Suffolk District Attorney Raymond Tierney said his father-in-law fell victim to a scam in which a caller pretended to his granddaughter, needing cash to get her wrecked car from an impound lot. Tierney told Newsday in July his father-in-law ended up losing $3,000 before realizing his granddaughter had never been in an accident.

“There’s nothing shameful about this,” Tierney told Newsday at the time. “These guys are professional con men. They’re very good at what they do.”

Seth Boffeli, senior adviser for AARP’s national fraud prevention program, said while 40% of fraud reported to the FTC comes from individuals under the age of 30, older Americans are typically duped for larger sums.

“And criminals know that,” Boffeli said. “So seniors are always going to be a major target for these criminals. They're also more likely to be home, more likely to answer the phone and they're probably also more likely to be [trusting]. So all of these factors add up to seniors in all likelihood getting more phone calls, than, say, younger demographics.”

The hallmark of an impostor scam, experts said, is creating an emergency situation requiring immediate action that is designed to raise the victim's anxiety level.

Individuals who may be concerned about the legitimacy of the caller on the other end, Nicoletti said, should follow some simple steps to protect themselves.

They include asking the caller for a callback number, avoiding extensive conversation, and avoiding words such as “yes.” Then, immediately contact the family member or official who supposedly had reached out for help.

“It's hacked information and they're combining it with social media information and creating these hyper-targeted phishing and hyper-targeted phone calls,” said Nicoletti, who advises families to establish a safe word to be used during emergency situations. “And the problem is, it's at virtually no cost to create these robocalls. It's fractions of a penny. And very rarely are these guys caught.”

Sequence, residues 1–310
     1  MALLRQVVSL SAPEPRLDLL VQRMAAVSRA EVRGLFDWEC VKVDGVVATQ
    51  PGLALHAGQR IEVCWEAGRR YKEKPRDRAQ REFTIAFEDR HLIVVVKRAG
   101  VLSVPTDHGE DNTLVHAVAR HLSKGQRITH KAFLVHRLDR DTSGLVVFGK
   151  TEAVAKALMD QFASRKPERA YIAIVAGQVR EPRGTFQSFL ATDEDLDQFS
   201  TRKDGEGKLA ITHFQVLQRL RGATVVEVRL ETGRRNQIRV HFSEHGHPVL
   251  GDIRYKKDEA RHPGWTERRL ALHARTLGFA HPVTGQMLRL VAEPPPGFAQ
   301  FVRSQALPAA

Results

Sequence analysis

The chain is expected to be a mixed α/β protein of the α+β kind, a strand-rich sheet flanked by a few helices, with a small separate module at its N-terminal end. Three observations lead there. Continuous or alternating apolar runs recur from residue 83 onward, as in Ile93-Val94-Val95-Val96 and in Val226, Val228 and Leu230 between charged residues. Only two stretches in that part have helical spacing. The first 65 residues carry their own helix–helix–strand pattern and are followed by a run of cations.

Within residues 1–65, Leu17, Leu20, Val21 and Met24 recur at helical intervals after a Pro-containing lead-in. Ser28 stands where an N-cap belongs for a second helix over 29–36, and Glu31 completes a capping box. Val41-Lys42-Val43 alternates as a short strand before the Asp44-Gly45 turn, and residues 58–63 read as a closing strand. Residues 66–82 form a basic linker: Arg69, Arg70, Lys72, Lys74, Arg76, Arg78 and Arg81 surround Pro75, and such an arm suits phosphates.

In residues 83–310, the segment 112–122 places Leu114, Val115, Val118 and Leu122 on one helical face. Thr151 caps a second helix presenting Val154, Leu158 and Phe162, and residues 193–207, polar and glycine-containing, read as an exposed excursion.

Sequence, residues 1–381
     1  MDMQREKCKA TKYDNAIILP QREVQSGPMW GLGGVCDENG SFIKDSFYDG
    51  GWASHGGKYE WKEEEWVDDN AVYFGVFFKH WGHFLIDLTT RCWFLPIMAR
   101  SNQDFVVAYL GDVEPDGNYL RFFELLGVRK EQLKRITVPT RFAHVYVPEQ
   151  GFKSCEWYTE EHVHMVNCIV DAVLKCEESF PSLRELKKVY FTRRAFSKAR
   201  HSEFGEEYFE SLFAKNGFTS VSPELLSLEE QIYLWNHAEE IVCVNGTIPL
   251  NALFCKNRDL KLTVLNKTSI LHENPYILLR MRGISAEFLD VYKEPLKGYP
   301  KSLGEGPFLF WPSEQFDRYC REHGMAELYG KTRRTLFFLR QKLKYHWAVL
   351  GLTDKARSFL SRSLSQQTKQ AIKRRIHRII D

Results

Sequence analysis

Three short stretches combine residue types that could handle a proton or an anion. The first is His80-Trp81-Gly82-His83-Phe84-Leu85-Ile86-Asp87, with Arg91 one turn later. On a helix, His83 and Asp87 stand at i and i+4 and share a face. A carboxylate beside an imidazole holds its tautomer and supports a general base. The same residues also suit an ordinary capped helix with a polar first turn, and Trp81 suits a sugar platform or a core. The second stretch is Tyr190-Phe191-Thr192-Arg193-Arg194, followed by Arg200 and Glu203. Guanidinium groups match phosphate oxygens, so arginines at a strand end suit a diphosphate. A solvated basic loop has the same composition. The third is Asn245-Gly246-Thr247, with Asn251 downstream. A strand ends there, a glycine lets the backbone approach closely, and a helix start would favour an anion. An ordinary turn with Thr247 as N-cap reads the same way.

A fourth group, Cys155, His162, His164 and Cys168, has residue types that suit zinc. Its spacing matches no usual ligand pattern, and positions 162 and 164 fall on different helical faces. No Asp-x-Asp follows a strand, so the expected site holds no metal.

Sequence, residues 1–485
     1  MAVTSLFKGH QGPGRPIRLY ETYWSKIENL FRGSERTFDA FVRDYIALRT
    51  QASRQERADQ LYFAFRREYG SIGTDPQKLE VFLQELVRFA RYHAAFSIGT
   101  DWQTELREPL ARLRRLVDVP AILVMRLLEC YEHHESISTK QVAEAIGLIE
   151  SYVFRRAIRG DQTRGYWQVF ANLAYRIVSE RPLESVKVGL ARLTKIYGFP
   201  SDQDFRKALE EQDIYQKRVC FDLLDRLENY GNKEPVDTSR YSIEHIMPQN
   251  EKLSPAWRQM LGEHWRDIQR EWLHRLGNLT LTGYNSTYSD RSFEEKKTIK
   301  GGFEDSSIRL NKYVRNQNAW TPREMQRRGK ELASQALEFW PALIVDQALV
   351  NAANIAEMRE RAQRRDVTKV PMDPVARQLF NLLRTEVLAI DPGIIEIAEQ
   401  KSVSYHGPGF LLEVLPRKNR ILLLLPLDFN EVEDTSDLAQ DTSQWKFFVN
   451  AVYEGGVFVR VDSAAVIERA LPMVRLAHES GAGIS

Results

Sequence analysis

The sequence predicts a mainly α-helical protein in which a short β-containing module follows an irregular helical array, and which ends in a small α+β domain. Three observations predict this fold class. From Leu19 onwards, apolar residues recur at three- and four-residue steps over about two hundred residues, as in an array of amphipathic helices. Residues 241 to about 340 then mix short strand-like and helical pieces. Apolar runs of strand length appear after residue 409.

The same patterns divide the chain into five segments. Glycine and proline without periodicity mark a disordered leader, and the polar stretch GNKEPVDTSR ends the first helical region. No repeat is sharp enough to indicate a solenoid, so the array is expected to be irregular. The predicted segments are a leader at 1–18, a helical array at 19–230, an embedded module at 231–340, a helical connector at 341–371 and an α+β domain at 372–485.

In November, Democratic New York Sen. Kirsten Gillibrand and colleagues reintroduced legislation establishing new penalties for A.I.-powered scams and robocallers, including prison time.

The Deter Obnoxious, Nefarious, and Outrageous Telephone Calls (DO NOT Call) Act would make repeated violations of the Telephone Consumer Protection Act, which regulates the use of telemarketing calls, punishable by a prison sentence of up to 3 years and a fine of up to $20,000.

“These calls are more than just an annoying nuisance,” Gillibrand said during a virtual news conference this month. “They are a massive drain on our economy. They hurt real people.”

While public reporting indicates an increasing number of families are being targeted by voice clones, the precise number of Americans duped by generative A.I. remains unknown, said Gillibrand, who wrote to the FTC seeking additional information on their efforts to track the scams.

The FTC, which did not respond to requests for comment, is not the only federal agency looking to crack down on A.I.-generated scam calls.

Last month, the Federal Communications Commission voted unanimously to assess what tools are available to respond to an emerging A.I. threat and how to define artificial intelligence in the context of already regulated robocalls and robotexts. But the agency also plans to examine whether A.I. fraud can be combated by artificial intelligence itself.

“A.I. technologies can bring new challenges and opportunities,” Federal Communications Commission Commissioner Anna Gomez said during the Nov. 15 FCC meeting. “Responsible and ethical implementation of A.I. technologies is crucial to strike a balance, ensuring that the benefits of A.I. are harnessed to protect consumers from harm rather than amplifying the risks in increasing the digital landscape.”

Increasingly complex artificial intelligence scams have grown significantly nationwide this year, preying on the anxieties of vulnerable seniors on Long Island and throughout the country, while leaving a path of financial and emotional devastation in their wake, industry experts and law enforcement officials said.

Through the first three quarters of the year, Americans lost nearly $2 billion in so-called “impostor scams,” where a criminal uses A.I. technology to pretend to be a trusted individual — such as a family member or government official, credit card or bank representative — to convince their mark to send them money, according to Federal Trade Commission data.